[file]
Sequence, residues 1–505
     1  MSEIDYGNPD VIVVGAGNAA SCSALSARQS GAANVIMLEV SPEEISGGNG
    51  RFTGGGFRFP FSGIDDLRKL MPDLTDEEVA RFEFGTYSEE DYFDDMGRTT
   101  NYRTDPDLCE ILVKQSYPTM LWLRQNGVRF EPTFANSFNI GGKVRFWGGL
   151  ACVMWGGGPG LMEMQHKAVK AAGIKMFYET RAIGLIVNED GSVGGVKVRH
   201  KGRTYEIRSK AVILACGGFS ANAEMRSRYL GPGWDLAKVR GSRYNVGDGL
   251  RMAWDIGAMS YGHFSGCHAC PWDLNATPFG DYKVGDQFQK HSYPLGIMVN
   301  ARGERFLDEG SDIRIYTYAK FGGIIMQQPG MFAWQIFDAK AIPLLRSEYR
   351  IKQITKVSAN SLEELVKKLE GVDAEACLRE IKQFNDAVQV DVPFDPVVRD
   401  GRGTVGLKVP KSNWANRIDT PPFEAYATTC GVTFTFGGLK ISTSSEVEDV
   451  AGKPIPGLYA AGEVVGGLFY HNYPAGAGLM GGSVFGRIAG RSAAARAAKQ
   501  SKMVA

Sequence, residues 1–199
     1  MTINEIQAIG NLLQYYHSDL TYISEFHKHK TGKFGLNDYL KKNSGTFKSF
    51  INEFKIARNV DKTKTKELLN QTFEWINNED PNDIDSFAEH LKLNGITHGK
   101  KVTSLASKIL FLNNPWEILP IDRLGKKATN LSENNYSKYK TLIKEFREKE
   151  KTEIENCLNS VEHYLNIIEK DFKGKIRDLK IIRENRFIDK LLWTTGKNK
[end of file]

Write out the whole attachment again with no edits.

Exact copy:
Sequence, residues 1–505
     1  MSEIDYGNPD VIVVGAGNAA SCSALSARQS GAANVIMLEV SPEEISGGNG
    51  RFTGGGFRFP FSGIDDLRKL MPDLTDEEVA RFEFGTYSEE DYFDDMGRTT
   101  NYRTDPDLCE ILVKQSYPTM LWLRQNGVRF EPTFANSFNI GGKVRFWGGL
   151  ACVMWGGGPG LMEMQHKAVK AAGIKMFYET RAIGLIVNED GSVGGVKVRH
   201  KGRTYEIRSK AVILACGGFS ANAEMRSRYL GPGWDLAKVR GSRYNVGDGL
   251  RMAWDIGAMS YGHFSGCHAC PWDLNATPFG DYKVGDQFQK HSYPLGIMVN
   301  ARGERFLDEG SDIRIYTYAK FGGIIMQQPG MFAWQIFDAK AIPLLRSEYR
   351  IKQITKVSAN SLEELVKKLE GVDAEACLRE IKQFNDAVQV DVPFDPVVRD
   401  GRGTVGLKVP KSNWANRIDT PPFEAYATTC GVTFTFGGLK ISTSSEVEDV
   451  AGKPIPGLYA AGEVVGGLFY HNYPAGAGLM GGSVFGRIAG RSAAARAAKQ
   501  SKMVA

Sequence, residues 1–199
     1  MTINEIQAIG NLLQYYHSDL TYISEFHKHK TGKFGLNDYL KKNSGTFKSF
    51  INEFKIARNV DKTKTKELLN QTFEWINNED PNDIDSFAEH LKLNGITHGK
   101  KVTSLASKIL FLNNPWEILP IDRLGKKATN LSENNYSKYK TLIKEFREKE
   151  KTEIENCLNS VEHYLNIIEK DFKGKIRDLK IIRENRFIDK LLWTTGKNK